Australia is one of the world's most biodiverse countries. Australia has the highest reptile biodiversity in the world with 796 reptile species of which 708 species are endemic. The country has 208 native amphibian species, 793 birds’ species of which 32 species have been introduced, 312 mammal species with 25 introduced species, and 2009 non-fish vertebrates. The high biodiversity of Australia has faced several threats with some of the species listed as endangered and threatened due to the several human activities. Some of the main threats to flora and fauna of Australia include the agricultural activities, climate change, illegal poaching, habitat loss, and the introduction of invasive species into the country.
Overview Of Invasive Species In Australia
Invasive species are either species of plants or animals occurring, as a result of human activities, beyond the fair normal distribution threatening the environmental, agricultural, and other resources through the damages they cause. Invasive species in Australia have had a major impact on the environment and threatened the quality of country’s unique biodiversity and reduced the number of species and their diversity. Most of the invasive species were introduced into the country during the European colonization of Australia. The management of the existing invasive species and prevention of further introduction of the species in Australia are the main objective of the environmentalist and Australian government. The weeds in the country contribute to a yearly loss of $2.5 million in agricultural production and a further $1.5 million in weed control. Invasive species include diseases, parasites, feral animals, insects, pests, and weeds.
The Introduction Of Invasive Species
The unique biodiversity of Australia was as a result of the geological and climatic events. Australia broke away from other continents millions of years ago becoming isolated in the process. The country was isolated from evolutionary pressure making its species primitive and less competitive than the rest of the mainland. To strengthen the species of Australia, there was a great faunal interchange. The first invasive species in Australia were introduced in 1788 by the European settlers. The number of species introduced into the country increased significantly in the 19th century due to the increased settlement leading to the extinction of some of the native species.
Types Of Invasive Species
Invasive diseases and parasites attack many plants and animals including the crops. Plants and animals do not respond well to treatment when they come into contact with these diseases and parasites. Australia is home to 56 introduced animals’ species categorized into feral, invasive, and pests. Some of the introduced animal species include Cane toad which has since become extinct, red fox, European rabbit, camels, and water buffalo. These species were introduced as pests, for recreational activities, and for biological controls. However, most of these feral animals have caused economic and ecological damages to the country. Other invasive species include birds, insects, pests, and plants.
Control And Management Of Invasive Species
The management and control of invasive species are carried out by individual bodies, conservation agencies, and the government of Australia. The Australian Quarantine and Inspection Service is an agency responsible for controlling the further introduction of new invasive species. A cane toad control program has been initiated in Darwin and Western Australia to control the spread of cane toad. Cooperative Research Centers have been established in the country by the federal government to assist in the control of pests and weeds. However, more needs to be done to eradicate the already established invasive species such as the honeybee and European wasp.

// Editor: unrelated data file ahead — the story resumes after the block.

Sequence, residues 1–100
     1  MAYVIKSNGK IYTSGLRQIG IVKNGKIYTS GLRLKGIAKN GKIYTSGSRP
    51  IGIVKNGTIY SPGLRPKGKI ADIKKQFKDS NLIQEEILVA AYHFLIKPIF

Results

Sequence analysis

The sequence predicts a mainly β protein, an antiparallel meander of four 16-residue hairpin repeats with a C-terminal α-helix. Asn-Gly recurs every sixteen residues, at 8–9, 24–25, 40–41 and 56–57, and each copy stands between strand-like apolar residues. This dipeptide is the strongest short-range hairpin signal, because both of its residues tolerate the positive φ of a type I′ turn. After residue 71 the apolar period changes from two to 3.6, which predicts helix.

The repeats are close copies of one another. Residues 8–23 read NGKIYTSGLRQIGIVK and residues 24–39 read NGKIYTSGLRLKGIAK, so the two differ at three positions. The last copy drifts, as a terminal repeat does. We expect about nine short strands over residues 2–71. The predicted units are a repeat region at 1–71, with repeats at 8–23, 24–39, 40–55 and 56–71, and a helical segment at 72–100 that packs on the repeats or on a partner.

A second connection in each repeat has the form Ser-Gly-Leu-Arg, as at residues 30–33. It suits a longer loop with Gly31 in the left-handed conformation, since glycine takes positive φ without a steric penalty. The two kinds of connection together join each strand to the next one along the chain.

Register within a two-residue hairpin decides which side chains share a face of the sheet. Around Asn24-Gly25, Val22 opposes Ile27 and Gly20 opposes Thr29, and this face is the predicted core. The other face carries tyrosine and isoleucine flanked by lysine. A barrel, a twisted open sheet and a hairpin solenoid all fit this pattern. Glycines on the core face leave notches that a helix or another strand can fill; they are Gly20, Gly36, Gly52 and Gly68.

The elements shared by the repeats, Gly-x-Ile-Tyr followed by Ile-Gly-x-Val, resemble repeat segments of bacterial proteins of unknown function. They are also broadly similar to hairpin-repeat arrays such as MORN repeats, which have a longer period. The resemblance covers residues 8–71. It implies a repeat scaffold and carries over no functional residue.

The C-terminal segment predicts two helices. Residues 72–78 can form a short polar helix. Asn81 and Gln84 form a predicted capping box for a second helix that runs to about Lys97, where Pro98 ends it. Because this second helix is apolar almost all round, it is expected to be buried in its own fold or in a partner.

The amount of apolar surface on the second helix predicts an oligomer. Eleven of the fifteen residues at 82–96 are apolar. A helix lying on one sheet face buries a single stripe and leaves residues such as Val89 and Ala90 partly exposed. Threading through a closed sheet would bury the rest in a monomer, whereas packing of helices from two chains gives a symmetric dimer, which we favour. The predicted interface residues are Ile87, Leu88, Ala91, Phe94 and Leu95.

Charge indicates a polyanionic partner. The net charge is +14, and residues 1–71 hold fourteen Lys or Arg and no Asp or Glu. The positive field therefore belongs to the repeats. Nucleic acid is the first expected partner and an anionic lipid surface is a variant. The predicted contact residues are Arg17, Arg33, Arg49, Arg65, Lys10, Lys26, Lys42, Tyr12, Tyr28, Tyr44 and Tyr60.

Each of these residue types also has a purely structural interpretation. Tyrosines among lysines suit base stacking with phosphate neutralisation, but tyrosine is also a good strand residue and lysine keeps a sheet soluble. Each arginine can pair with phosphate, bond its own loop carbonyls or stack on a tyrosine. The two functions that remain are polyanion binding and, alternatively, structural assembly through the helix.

What Kind of Invasive Species Live in Australia?
Invasive species that live in Australia include the red fox, the European rabbit, the cane tone and the water buffalo.
Invasive Species In Australia: Serious Threats To Australian Biodiversity
|Rank||Invasive Species||Introduced||Reason||Introduced from||Distribution||Threat level|
|1||Cane toad (Bufo marinus)||1935||Biological control (cane beetle)||South America via Hawaii||Queensland (extensive), northern New South Wales, Top End, Kimberley||Extreme|
|2||Red fox (Vulpes vulpes)||1855||Recreational hunting||Europe||most of mainland Australia; small numbers in Tasmania||Extreme|
|3||European rabbit (Oryctolagus cuniculus)||1857||Recreational hunting||Europe||Throughout Australia (extensive)||High|
|4||Dromedary Camel (Camelus dromedarius)||1840||Beast of burden||India||Central Australia (extensive)||Medium to high|
|5||Water buffalo (Bubalus bubalis)||1829||Domestic livestock||Indonesia||Top End||Medium|
|6||Feral goat (Capra hircus)||1840||Domestic livestock||??||Throughout Australia (extensive)||High|
|7||Feral cat (Felis catus)||1849||Pets||Europe||Throughout Australia, except in tropical rainforests (extensive)||High to extreme|
|8||Brumby (Equus ferus caballus)||1788||Farm and utility work||Europe; some later imports from South Africa and Indonesia||Throughout Australia (extensive)||Medium to high|
|9||Feral donkey (Equus asinus)||1866||Pack and haulage animals||Europe||Throughout Australia (extensive)||Medium to high|
|10||Feral pig (Sus scrofa)||1788||Domestic livestock||Europe||Throughout Australia, except in deserts (extensive)||High|
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